Iran would, among other things, get a railroad to Russia via the EAEU. Within the framework of these goals, in 2018 Iran and the EAEU achieved a temporary agreement on the establishment of a free trade zone, from 2019 on the basis of that agreement the parties conducted mutual trade exchange.
At the end of October this year, Iran and the EAEU announced their intention to conclude a new free trade agreement and launch it by the end of the year. Various sources say that the new agreement will provide tariff benefits and remove customs duties in the exchange of goods, but as we can see from the experience of long-standing EAEU members, the issues with benefits and duties within the alliance have always been resolved exclusively in favor of Russia, and these issues are still a headache Kazakhstan, Armenia and Kyrgyzstan.
In any case, Iran’s cooperation with the EAEU within the framework of trade agreements looks like it will continue. According to the Islamic Republic of Iran Customs Administration, the volume of trade exchange between Iran and EAEU member states reached a record $4.2 billion this year. It remains far too early to talk about prospects for Iranian membership in the EAEU, which in addition to solving a number of procedural issues, would also require the agreement on hundreds of economic parameters. It will take years to sort out even with sustained intention to do so.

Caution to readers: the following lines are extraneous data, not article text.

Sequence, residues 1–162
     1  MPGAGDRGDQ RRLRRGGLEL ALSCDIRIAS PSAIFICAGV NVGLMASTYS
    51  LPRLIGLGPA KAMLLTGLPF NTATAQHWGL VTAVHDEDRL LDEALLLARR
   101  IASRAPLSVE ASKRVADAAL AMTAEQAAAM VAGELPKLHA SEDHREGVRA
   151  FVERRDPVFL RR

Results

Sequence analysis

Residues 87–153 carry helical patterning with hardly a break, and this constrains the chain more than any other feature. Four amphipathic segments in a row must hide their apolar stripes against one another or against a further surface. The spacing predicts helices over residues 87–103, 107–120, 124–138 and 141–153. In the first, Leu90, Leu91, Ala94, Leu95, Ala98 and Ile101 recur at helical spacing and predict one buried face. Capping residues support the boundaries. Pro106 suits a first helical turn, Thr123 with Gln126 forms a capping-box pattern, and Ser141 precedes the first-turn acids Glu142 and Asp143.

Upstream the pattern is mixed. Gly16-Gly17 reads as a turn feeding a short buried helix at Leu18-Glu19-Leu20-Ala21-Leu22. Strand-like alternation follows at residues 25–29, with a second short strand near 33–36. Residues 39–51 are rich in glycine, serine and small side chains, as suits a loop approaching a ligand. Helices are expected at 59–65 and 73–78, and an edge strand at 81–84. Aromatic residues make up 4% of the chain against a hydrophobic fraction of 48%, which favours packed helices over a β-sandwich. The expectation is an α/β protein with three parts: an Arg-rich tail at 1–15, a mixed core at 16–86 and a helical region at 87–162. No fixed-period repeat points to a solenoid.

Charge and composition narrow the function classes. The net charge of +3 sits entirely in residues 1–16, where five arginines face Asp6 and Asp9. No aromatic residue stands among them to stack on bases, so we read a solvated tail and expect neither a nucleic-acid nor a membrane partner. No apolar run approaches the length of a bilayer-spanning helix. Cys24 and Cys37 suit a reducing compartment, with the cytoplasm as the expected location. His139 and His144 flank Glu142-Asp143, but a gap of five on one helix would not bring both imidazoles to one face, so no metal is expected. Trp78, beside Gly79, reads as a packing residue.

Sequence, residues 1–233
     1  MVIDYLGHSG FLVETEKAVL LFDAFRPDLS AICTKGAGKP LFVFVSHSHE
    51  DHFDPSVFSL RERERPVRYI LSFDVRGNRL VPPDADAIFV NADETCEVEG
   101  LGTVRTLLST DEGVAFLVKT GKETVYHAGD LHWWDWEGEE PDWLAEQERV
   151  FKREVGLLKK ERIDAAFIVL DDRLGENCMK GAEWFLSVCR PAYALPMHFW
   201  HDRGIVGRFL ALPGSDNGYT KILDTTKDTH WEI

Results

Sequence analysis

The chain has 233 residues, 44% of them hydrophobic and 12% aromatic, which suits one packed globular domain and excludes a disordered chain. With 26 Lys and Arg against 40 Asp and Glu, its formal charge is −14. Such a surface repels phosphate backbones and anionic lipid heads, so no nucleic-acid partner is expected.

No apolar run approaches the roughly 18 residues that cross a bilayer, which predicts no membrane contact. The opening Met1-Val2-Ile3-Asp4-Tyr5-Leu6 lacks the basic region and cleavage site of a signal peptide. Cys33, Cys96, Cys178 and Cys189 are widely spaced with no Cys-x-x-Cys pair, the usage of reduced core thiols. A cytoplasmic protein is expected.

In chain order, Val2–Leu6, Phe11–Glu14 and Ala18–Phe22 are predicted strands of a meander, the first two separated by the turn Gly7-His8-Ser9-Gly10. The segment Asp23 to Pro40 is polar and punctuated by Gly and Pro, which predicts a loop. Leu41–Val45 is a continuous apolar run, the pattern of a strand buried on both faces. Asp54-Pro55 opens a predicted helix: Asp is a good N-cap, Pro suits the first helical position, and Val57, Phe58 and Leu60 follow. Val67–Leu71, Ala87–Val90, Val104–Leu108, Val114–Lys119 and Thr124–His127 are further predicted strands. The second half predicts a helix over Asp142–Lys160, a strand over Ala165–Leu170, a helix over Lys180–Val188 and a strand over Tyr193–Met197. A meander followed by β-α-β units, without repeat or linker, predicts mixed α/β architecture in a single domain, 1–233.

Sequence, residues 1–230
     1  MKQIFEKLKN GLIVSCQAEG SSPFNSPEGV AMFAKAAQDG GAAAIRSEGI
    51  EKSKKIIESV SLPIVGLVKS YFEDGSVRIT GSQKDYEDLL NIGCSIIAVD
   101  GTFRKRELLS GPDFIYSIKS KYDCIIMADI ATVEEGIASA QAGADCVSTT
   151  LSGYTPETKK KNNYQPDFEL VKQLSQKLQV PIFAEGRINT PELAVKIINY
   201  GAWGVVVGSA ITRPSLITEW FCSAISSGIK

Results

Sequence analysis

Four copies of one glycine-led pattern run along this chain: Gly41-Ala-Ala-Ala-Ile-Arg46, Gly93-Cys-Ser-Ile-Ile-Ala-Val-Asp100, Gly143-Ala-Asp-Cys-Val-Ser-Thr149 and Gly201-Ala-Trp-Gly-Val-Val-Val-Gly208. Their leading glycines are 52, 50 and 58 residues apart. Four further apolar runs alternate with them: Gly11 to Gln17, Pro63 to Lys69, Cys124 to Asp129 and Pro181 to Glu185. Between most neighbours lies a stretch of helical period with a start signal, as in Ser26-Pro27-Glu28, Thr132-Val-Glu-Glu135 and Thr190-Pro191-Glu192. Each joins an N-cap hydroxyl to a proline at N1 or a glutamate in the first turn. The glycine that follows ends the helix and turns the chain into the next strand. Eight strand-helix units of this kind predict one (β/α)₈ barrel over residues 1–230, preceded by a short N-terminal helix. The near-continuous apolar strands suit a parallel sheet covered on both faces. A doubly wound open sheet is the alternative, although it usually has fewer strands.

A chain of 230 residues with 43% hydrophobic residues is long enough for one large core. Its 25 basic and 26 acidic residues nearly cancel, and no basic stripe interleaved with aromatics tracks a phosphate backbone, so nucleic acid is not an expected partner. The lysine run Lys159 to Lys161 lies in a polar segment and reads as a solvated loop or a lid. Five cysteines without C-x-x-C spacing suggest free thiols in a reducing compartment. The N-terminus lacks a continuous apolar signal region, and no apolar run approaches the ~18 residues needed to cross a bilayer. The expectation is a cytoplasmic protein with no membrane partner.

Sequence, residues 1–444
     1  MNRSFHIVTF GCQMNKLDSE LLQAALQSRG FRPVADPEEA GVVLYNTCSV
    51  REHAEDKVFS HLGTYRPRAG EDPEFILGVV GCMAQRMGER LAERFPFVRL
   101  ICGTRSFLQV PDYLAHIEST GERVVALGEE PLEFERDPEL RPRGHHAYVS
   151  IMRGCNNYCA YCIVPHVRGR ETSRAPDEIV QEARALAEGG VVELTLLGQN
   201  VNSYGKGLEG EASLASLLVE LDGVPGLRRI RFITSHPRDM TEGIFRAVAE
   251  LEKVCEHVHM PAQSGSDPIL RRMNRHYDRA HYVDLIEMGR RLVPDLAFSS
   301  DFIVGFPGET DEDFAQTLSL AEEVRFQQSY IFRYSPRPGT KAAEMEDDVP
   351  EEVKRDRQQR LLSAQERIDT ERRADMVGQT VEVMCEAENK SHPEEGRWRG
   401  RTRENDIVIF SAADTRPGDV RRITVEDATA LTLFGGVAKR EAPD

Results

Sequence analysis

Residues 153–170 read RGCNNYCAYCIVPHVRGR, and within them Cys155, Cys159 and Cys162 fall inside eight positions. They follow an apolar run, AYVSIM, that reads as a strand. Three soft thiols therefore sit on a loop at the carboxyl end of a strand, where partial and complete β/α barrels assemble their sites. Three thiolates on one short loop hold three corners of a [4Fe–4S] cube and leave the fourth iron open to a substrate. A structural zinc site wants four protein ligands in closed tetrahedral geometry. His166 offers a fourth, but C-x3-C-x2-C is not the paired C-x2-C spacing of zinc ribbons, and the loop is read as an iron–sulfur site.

And What About the EAEU’s Members?
Kazakhstan‘s situation was discussed in detail in my previous article, but its concerns about the EAEU have only grown. The disruption of logistics chains due to the imposition of sanctions on Russia is a major worry. Although Kazakhstan prefers to conceptualize the EAEU as a purely economic endeavor, it has always had political overtones and Astana has always known that.
When the agreement on the EAEU’s founding was signed in 2014, then Kazakhstani Deputy Foreign Minister Samat Ordabayev stressed that “we have moved away from politicization” and that “such issues as common citizenship, foreign policy, inter-parliamentary cooperation, passport and visa sphere, common border protection, export control, etc. were excluded from the agreement.”
At a EAEU summit in Moscow earlier this year, Tokayev repeated this same message: that Kazakhstan considers the union exclusively as an economic bloc.
For Kazakhstan, among other things, the issue of disproportionate distribution of customs duties remains unresolved. The independent portal Orda.kz writes: “All parallel imports go to Russia, which has become a pariah country. [The] rules are as follows: even if all goods imported into the EAEU are exported to Kazakhstan, it will get its 6.955 percent of the duties collected, period.”
Customs duty quotas in the EAEU are distributed based on the size of the economies and populations of the countries; Kyrgyzstan (1.9 percent) and Armenia (1.2 percent) receive the smallest share of duties. At the same time, imports to the EAEU often go directly to Russia, rather than through the countries of the union, which ultimately limits the rights of the EAEU to receive a well-deserved portion. Financial analyst Rasul Rysmambetov calls this an illegal Russian scheme.